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Self-Reported vs. Objective Measures of Health in Retirement Models

John Bound

No 2997, NBER Working Papers from National Bureau of Economic Research, Inc

Abstract: Labor supply estimates are sensitive to the measures of health used. When self reported measures are used health seems to playa larger role and economic factors a smaller one than when more objective measures are used" While most authors have interpreted these results as an indication of the biases inherent in using self-reported measures, there are reasons to be suspicious of estimates based on more objective measures as well. In this paper I construct a statistical model incorporating both self-reported and objective measures of health. I use the model to show the potential biases involved in using either measure of health or in using one to instrument the other- When outside information on the validity of self-reported measures of health are incorporated into the model estimates suggest that the self-reported measures of health perform better than many have believed.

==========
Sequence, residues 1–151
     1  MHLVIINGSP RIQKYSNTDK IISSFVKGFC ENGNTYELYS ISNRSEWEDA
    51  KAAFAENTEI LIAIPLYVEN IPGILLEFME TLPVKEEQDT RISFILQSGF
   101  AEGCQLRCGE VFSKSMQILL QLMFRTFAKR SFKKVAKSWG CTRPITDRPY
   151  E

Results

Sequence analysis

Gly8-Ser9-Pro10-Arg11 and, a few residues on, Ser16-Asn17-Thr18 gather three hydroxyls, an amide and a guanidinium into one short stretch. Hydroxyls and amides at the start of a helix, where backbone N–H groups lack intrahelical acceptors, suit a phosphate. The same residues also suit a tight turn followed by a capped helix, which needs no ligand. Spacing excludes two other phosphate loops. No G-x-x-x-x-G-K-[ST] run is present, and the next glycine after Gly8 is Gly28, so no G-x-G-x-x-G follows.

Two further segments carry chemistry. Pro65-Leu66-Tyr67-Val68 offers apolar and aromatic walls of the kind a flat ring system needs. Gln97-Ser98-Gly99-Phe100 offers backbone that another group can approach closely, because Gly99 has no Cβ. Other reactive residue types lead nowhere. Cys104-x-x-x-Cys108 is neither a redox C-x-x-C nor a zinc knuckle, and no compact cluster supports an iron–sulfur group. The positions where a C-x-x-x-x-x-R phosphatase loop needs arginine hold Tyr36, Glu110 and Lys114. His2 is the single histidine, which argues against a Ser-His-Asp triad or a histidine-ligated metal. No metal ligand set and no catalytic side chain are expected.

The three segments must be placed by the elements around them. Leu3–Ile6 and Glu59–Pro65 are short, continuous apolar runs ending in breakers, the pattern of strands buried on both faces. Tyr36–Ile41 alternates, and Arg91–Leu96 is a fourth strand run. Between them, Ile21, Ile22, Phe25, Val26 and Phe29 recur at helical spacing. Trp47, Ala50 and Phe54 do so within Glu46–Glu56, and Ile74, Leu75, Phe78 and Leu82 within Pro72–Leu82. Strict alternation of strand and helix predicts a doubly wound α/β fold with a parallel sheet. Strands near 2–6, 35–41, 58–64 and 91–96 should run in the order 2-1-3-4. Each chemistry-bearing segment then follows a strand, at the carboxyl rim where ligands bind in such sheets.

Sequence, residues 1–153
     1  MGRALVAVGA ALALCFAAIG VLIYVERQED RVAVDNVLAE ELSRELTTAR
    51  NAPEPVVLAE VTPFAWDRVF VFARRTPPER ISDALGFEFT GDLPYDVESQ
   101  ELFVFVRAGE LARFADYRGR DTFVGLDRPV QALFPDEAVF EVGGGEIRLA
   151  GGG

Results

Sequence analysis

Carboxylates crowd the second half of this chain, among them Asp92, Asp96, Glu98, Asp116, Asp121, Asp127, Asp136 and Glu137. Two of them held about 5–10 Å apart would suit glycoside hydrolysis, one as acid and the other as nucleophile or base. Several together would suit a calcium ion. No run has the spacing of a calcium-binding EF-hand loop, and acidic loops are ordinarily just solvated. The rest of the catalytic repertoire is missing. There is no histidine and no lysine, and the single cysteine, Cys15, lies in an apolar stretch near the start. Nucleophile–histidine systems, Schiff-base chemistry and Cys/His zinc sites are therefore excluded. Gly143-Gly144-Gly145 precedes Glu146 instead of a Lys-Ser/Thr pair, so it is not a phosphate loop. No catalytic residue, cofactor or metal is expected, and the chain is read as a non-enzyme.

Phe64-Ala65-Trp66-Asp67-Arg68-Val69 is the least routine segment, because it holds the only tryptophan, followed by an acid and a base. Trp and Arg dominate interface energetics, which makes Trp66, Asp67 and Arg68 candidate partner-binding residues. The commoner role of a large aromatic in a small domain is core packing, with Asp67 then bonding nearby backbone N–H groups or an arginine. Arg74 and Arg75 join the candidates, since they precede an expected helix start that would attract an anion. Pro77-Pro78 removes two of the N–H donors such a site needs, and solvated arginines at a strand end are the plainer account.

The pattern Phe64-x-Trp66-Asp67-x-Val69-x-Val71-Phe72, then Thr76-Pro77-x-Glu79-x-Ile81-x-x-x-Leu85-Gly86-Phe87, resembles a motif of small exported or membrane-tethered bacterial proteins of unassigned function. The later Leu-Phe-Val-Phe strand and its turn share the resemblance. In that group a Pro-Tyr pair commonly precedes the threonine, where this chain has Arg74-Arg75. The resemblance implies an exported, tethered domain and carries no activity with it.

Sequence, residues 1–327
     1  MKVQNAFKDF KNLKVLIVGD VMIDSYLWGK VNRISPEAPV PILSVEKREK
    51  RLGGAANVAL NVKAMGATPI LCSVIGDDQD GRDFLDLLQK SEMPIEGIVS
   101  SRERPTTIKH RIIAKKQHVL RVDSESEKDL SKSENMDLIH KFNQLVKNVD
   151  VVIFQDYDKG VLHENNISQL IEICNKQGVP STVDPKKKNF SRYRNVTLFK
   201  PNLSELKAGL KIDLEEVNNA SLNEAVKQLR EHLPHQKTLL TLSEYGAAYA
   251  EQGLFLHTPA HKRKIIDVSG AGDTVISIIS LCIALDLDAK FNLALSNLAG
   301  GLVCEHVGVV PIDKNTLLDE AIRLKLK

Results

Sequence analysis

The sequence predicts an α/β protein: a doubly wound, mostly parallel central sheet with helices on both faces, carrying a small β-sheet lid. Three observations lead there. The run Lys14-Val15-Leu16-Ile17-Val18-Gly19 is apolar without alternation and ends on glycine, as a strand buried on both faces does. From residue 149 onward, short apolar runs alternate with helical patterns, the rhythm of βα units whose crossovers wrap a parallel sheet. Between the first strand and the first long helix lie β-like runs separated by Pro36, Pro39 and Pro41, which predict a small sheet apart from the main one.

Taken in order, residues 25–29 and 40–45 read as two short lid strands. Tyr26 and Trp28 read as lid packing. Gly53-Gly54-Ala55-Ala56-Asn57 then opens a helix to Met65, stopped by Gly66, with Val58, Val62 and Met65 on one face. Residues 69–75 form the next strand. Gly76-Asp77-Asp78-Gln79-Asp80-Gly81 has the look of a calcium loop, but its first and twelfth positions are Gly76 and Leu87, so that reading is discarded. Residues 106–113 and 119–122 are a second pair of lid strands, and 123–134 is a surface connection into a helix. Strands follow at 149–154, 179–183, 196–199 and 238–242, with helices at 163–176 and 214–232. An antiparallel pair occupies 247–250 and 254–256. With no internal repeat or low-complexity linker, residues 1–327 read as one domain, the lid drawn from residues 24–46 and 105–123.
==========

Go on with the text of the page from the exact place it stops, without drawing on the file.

Date: 1989-06
Note: AG
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Published as Journal of Human Resourcesm 26: 106-38 Winter 1991

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